MINNEAPOLIS - Move over Millennials, Gen Z is the young vote now.

"Specifically around 14 to 16 million eligible voters in that demographic of 18- to 23-year-olds," said Jonah Stillman, the voice of Gen Z.

Jonah and his Dad - David Stillman - wrote a book together, "Gen Z @ Work," and they travel around the country speaking to companies about what makes Gen Z unique.

So, 14 to 16 million. That's a significant number.

"And, it's being overlooked," said Stillman. "People are so quick to judge my generation, they say, 'Oh, you know what, they're not important because they don't care, they're not going to vote.' But what we've shown is such impressive signs of early civic engagement."

What issues are important to Gen Z?

"I think the top one that I often times hear is the safety of our school systems," said Stillman. "I think kids, especially because you're talking to a generation that's living in what a major problem is, how safe is it to go to school?"

Gen Z is defined as the demographic born between 1995 and 2012. They've grown up after 9/11 and in the middle of the 2009 recession. Gen Z has also had instant access to social media, which has helped them develop their own opinions at a younger age.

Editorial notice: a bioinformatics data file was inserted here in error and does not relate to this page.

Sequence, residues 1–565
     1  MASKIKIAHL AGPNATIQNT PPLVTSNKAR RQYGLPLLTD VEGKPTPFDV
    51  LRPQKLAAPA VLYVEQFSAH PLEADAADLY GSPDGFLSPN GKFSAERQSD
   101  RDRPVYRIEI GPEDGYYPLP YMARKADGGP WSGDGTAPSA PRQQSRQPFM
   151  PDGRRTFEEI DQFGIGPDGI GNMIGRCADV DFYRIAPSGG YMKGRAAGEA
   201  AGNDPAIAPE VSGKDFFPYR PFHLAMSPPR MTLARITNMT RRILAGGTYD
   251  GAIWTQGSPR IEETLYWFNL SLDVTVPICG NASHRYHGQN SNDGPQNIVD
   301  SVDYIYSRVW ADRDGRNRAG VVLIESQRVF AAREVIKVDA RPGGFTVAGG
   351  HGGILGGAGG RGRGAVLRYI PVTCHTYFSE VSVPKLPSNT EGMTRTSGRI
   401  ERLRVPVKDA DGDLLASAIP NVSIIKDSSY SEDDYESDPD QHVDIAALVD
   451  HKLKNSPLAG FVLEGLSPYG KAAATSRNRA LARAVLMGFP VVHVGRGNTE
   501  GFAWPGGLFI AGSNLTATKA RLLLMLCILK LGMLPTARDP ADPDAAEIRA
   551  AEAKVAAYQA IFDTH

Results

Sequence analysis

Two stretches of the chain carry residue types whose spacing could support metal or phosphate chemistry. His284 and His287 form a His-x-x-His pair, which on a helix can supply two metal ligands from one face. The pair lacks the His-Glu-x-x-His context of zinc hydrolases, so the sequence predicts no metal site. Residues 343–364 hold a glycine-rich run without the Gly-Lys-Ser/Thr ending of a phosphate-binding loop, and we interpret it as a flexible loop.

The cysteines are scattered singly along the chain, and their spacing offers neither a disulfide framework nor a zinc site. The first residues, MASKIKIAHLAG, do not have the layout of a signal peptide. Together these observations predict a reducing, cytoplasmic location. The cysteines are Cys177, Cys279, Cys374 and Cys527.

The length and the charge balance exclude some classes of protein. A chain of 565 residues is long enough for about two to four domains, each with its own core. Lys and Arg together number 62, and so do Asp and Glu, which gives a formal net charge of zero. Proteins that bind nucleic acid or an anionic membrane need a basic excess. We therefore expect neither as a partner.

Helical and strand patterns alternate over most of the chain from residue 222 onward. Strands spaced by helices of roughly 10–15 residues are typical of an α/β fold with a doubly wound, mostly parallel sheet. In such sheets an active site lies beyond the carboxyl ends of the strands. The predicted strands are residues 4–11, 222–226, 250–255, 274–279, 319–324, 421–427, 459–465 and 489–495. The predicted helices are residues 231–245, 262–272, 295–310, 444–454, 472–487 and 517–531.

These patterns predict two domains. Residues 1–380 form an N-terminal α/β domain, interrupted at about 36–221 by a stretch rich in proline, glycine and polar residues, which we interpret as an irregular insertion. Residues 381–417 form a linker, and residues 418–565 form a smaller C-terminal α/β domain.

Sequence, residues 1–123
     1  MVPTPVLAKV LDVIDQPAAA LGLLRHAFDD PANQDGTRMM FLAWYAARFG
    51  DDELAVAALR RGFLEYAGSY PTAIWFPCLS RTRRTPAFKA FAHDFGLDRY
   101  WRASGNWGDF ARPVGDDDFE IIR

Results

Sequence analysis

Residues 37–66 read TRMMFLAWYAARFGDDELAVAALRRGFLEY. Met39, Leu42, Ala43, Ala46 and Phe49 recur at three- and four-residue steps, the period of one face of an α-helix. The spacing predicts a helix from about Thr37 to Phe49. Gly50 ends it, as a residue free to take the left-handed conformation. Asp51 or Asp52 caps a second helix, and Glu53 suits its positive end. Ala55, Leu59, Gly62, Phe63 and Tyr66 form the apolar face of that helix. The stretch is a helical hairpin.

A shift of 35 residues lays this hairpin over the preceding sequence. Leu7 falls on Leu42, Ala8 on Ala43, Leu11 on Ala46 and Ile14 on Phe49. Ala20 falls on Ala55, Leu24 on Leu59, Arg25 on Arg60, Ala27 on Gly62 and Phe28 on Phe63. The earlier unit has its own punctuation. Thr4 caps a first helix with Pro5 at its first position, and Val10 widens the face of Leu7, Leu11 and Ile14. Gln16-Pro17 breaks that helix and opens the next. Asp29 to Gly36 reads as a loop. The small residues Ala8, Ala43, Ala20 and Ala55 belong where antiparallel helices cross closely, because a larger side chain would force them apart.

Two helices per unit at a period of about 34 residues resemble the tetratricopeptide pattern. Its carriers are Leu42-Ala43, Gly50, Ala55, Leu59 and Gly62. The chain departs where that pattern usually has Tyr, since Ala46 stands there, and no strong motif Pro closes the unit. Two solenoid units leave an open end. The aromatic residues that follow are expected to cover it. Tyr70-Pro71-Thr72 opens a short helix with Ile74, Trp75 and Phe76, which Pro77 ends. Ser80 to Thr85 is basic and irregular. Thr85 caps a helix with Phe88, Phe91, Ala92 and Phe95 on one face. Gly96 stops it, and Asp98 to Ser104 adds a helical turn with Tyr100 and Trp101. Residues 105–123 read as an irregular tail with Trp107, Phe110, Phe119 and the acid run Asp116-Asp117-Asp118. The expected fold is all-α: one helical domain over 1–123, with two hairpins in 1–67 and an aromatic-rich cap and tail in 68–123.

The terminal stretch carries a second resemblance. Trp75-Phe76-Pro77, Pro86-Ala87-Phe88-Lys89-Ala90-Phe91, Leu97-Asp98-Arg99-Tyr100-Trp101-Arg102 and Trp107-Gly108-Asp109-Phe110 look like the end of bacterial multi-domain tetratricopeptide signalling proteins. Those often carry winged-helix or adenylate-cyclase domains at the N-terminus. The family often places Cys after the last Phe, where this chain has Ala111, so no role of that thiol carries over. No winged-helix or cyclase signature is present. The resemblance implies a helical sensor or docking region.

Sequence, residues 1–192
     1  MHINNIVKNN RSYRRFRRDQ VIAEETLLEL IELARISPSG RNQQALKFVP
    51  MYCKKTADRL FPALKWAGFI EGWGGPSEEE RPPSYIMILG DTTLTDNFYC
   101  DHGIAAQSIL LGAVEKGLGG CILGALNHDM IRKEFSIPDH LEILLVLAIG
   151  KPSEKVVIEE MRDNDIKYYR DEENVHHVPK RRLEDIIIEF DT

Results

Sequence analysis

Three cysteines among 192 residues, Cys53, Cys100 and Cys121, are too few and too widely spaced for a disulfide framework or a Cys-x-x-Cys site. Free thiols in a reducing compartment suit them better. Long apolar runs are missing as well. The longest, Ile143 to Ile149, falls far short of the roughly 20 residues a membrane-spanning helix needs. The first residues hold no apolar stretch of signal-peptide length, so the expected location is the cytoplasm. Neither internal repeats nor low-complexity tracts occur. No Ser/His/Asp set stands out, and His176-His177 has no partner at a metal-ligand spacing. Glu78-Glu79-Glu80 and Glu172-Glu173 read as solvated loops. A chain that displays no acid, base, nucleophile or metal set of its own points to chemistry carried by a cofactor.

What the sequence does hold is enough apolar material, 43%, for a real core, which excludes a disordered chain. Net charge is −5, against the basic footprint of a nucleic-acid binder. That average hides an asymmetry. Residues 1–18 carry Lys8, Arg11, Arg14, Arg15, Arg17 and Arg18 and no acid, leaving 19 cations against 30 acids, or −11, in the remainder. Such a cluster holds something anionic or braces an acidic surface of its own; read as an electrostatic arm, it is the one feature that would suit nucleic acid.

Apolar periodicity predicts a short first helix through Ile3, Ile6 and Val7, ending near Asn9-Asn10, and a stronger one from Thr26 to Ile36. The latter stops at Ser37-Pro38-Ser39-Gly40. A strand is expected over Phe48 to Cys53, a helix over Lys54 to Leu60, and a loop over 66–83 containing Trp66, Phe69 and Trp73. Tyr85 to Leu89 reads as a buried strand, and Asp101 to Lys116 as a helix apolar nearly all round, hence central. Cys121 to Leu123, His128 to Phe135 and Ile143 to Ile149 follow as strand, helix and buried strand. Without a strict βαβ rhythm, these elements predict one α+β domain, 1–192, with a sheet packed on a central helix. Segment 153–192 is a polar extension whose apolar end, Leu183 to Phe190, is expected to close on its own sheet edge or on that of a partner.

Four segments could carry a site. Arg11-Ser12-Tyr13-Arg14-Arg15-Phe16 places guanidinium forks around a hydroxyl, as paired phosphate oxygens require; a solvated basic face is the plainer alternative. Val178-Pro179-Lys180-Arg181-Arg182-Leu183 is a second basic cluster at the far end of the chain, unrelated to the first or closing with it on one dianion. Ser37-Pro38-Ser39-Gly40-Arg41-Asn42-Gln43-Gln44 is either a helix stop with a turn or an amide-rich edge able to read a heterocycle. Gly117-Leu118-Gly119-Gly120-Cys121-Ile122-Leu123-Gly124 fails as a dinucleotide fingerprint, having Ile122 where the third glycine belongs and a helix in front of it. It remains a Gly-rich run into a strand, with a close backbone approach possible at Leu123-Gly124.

"A lot of times people assume, 'Oh, the young vote just goes along with their parents,' and that is not a characteristic we see with Gen Z in politics and in a lot of other things. At a young age we are developing our own opinions, we want to be different," said Stillman. "It's almost that because of this world we live in, because of access to social media, news platforms, YouTube, we've been given the resources at a younger age to develop our own opinion."

Stillman thinks Gen Z will vote. It helps to have influencers like Taylor Swift telling her 112 million followers to get out there. Plus, this group has FOMO: a fear of missing out.

"There has been a shift in the cultural aspect of how voting is viewed," Stillman said. "Voting, in my opinion, especially right about now, has become cool again. You want to vote. You want to be part of the voting conversation."

So, how would a politician reach this age group?

"First of all, I think it's important that politicians recognize that there's a new generation, that's step one," said Stillman. "Talk to us. Talk to us about what's important. I mean, whether it be on social media through a thread on Twitter or Facebook. Or show up at our schools, campaigning in person. I think face-to-face has a massive impact that's overlooked."